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Katipamula elected Senate chair as 18th Undergraduate Senate meets for first time


The first meeting of the 18th Undergraduate Senate centered around elections and the legacy of the past Senate. Elections for Senate chair, deputy chair and committee chairs took up the bulk of the time.

Reflecting on the past Senate’s handling of the Stanford Student Enterprises (SSE) financial manager appointment, the Senate also decided to nominate a second Senate representative to the SSE Board of Directors to ensure Senate oversight over the SSE. Senators also debated a bill to censure current Senator Hattie Gawande ’18 for taking a leave of absence while serving on the previous Senate, with input from the outgoing ASSU presidents and financial managers.

Senate chair election

The newly-elected Senate kicked off the meeting with a vote on the next Senate chair. Returning Senator Gawande and new Senator Shanta Katipamula ’19 contested for the role of chair, giving brief personal speeches before taking questions from the Senate and audience members. Katipamula won with a vote of 8-6, with all five returning Senators voting for Gawande and nearly all new Senators voting for Katipamula. Senator Mylan Gray ’19 also ran uncontested for deputy chair.

Both Gawande and Katipamula discussed the benefits and costs of experience serving in the previous Senate. While Gawande pointed to her work in sexual assault prevention and the bill against anti-Semitism, Katipamula said she was eager to begin a new style of outreach to campus communities.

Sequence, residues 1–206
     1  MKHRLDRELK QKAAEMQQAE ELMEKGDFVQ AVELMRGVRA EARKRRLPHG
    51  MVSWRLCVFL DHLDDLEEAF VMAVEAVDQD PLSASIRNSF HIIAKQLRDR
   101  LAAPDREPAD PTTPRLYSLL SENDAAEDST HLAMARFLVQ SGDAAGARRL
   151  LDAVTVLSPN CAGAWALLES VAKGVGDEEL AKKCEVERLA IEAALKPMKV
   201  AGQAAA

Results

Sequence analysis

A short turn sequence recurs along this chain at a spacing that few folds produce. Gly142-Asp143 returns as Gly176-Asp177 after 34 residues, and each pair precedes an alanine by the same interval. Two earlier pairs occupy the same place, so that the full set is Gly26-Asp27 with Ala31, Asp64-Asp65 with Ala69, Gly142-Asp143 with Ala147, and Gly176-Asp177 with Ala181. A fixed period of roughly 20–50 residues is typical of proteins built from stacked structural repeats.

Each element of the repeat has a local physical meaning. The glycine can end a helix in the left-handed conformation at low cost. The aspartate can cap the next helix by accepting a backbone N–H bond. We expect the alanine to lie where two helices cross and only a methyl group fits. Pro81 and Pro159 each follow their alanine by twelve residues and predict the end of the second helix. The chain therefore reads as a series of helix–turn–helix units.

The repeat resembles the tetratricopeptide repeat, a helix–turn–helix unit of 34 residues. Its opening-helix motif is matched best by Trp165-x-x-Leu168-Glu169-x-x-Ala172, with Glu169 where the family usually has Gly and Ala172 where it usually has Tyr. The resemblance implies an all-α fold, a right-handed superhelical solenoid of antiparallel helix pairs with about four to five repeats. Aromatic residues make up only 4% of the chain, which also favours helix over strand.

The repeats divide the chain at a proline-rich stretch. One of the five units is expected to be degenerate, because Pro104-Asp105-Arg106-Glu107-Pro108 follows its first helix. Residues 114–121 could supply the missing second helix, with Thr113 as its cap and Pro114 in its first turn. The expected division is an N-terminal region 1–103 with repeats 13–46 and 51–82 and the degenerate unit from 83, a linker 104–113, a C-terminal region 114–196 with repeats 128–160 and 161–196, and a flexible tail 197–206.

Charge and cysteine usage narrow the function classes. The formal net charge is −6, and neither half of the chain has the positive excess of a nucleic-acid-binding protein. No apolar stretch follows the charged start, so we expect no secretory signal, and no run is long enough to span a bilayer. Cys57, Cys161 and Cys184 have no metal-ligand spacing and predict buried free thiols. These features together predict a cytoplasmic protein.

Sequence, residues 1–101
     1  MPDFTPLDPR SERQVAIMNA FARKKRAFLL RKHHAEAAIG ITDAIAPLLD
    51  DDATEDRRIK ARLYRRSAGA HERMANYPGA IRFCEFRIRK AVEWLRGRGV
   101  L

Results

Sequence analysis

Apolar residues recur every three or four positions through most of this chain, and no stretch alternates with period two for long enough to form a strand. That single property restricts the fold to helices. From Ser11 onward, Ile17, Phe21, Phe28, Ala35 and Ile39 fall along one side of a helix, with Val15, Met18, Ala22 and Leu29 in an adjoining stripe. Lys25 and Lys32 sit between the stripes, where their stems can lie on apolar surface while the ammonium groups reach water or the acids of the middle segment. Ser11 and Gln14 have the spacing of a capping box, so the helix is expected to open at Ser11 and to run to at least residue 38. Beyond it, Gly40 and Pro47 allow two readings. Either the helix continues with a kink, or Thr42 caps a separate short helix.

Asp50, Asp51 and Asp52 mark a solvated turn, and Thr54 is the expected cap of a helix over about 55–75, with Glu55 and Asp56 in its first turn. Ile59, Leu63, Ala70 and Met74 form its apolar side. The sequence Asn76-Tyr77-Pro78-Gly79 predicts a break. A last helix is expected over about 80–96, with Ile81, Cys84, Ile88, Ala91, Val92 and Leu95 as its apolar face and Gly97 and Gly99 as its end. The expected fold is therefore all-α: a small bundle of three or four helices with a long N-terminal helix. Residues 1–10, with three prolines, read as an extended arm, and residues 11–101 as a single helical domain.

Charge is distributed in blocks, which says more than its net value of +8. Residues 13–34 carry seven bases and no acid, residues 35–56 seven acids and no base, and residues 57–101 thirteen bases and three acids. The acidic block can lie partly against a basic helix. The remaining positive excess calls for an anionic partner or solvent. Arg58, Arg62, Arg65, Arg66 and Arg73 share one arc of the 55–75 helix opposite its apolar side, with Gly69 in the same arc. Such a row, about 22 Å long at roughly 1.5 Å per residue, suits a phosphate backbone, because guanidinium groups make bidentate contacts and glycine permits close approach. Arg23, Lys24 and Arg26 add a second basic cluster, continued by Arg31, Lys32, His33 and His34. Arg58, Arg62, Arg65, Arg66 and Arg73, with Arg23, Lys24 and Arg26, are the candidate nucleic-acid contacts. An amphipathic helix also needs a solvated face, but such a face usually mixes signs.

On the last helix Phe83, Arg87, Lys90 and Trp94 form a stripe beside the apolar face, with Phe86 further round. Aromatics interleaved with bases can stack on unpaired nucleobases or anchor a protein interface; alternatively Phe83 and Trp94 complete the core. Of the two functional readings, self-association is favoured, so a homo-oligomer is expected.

“I talked in my campaign about making sure I’m accessible, going to dining halls, having office hours as a Senator,” Katipamula said. “[It’s] so people can say, ‘This is something I care about, what are you doing about it.’”

An added level of tension came from the tension that allegedly arose between incoming Senators and the five returning Senators.

Alluding to the concerns, returning Senator Jasmin Espinosa ’18 said, “I want to voice concern about some of the lobbying that went on this week. I’m pretty disappointed with how we went about talking to each other. In terms of wanting to push forward things, certain manipulations happened at times.”

The Legacy of the 17th Senate

While Gawande pointed to her previous work in sexual assault prevention and the bill against anti-Semitism, she also acknowledged the tensions between the previous Senate and the ASSU Executive as well as the Graduate Student Council (GSC).

Then-ASSU President John-Lancaster Finley ’16 had heavily criticized the 17th Undergraduate Senate for voting unanimously against appointing Zubair Ahmed ’11 M.S. ’13 as SSE Financial Manager, despite not participating in the extensive selection process.

Addressing Gawande during the question-and-answer round of the chair elections, Finley said, “With the Financial Manager search process last week, lots of bodies in the ASSU felt directly disrespected by some of [the Senate’s] actions, namely the [ASSU Executives] and the Graduate Student Council. We thought you treated it like a political game rather than a fair political process, and we may face a lawsuit for that process.”

Gawande replied that she regretted the manner in which the situation had unfolded, but stood by the Senate’s decision unequivocally. Both Gawande and Katipamula said that they were actively reaching out to GSC members to re-establish a productive working relationship.

Gawande also responded to criticisms that the Senate representative on the SSE Board of Directors had shirked its responsibility to take part in the selection process.

“We had problems with chairmanship in the last Senate … partially because [there was] not enough leadership experience on the former chair’s part,” she acknowledged.

Previous Senate chair Sina Javidan-Nejad ’17 had forfeited his seat on the SSE Board of Directors, which Senate chairs are appointed to by ASSU bylaws.